Shark populations worldwide are under threat with significant declines in shark populations documented in areas where they were once common. The International Union for Conservation of Nature (IUCN) has determined that of the shark and ray species assessed, 30 percent are threatened or near-threatened with extinction. Conserving sharks is thus currently a global conservation priority and devising successful conservation and management strategies is largely limited by our scientific knowledge on their biology.
Significant information is lacking with regard to the medium and long range movement patterns of great white sharks. Traditional research has focused on fine small scale movements of white sharks within known aggregation sites. Gaining this previously unattainable information enables more effective shark and ocean conservation and – protection of human life.
From the OCEARCH web site, they describe their work targeting:
Reproductive behavior of white sharks, in terms of where and when they participate in mating and birthing behavior.
Behavior of juveniles, in terms of the existence and persistence of nursery grounds.
Individual movements as a function of season and life history stage.
Identification of additional coastal aggregation sites.
This unprecedented data enhances the ability of managers to make informed decisions to ensure the sustainability shark populations. Sharing data gathered during our research with the public is core to our mission.
As apex predators, sharks play a crucial role of maintaining balance in the delicate oceanic ecosystem. When a top predator like sharks are removed or depleted a potentially catastrophic domino effect occurs throughout the food web, threatening the balance of the ocean. For instance, rapidly reproducing species like squid have the potential to explode when the balance is shifted. Aggressively consumptive, squid can consume up to a third of their body weight daily as juveniles, placing unprecedented pressure on their prey.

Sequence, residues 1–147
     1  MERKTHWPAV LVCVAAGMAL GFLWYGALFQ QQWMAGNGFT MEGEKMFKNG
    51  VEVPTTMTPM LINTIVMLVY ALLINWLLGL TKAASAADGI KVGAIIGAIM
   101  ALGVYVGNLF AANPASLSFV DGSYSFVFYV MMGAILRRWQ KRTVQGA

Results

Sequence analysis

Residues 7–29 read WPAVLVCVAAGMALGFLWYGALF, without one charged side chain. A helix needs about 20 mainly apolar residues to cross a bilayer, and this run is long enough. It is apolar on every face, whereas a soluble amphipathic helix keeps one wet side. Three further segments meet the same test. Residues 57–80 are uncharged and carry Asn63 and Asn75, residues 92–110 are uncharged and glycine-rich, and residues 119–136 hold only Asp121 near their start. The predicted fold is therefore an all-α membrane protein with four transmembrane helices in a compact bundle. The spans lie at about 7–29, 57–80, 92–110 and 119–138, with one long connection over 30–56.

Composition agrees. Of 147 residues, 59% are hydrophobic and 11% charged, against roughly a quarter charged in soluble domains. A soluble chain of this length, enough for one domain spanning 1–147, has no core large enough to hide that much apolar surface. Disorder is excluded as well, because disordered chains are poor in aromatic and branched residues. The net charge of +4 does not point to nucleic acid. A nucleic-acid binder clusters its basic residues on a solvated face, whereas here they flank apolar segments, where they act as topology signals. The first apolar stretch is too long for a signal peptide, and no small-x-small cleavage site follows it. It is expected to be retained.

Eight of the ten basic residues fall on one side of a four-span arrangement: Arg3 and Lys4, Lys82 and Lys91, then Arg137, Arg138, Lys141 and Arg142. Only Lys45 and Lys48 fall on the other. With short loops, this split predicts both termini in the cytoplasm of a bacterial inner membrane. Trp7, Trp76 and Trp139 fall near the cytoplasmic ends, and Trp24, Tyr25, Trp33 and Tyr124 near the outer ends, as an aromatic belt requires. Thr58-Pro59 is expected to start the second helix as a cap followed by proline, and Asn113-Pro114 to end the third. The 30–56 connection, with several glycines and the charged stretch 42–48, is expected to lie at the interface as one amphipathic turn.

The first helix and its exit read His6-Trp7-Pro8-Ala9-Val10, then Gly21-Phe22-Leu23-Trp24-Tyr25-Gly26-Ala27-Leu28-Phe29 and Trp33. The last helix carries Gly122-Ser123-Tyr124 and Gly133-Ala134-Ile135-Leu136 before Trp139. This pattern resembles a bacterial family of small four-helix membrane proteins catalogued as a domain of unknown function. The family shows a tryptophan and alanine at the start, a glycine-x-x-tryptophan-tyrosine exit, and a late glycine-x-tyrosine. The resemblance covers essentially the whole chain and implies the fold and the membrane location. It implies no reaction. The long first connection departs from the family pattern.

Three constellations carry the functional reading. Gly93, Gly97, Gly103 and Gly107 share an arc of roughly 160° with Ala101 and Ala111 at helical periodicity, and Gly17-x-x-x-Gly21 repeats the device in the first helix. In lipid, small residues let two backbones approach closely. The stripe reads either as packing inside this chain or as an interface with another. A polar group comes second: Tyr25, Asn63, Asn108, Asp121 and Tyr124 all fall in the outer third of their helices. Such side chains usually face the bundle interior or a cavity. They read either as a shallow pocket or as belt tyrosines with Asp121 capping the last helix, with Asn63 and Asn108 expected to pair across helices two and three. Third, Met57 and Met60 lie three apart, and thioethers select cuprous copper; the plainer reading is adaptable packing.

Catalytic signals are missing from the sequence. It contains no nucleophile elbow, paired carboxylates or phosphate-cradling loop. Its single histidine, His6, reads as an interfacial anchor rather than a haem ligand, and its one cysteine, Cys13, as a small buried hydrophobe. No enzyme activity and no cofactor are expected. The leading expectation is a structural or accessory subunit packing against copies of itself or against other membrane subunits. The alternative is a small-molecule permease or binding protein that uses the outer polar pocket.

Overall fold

Shark populations worldwide are under threat – sharks are being slaughtered at an unsustainable rate, many for a bowl of soup. This unsustainable harvest rate driven by the demand for shark fins, meat and other products puts not only sharks at risk, but also the entire balance of the ocean.
Conserving sharks is a global conservation priority and devising successful conservation and management strategies is largely limited by our scientific knowledge on their biology and life history. Significant information is lacking with regard to the medium and long range movement patterns of white sharks. Traditional research has focused on fine small scale movements of white sharks within known aggregation sites. Gaining this previously unattainable information enables more effective shark and ocean conservation.
Last March, the team from OCEARCH were busy tagging the first great white shark in Florida waters. They named the giant Lydia. You can track Lydia and any other great white shark tagged by OCEARCH with the Global Shark Tracker.
Expedition Jacksonville: Tagging the Impossible
Expedition Jacksonville: Layers of Learning
Expedition Jacksonville: Groundhog Day
Expedition Jacksonville: Ready for a Shark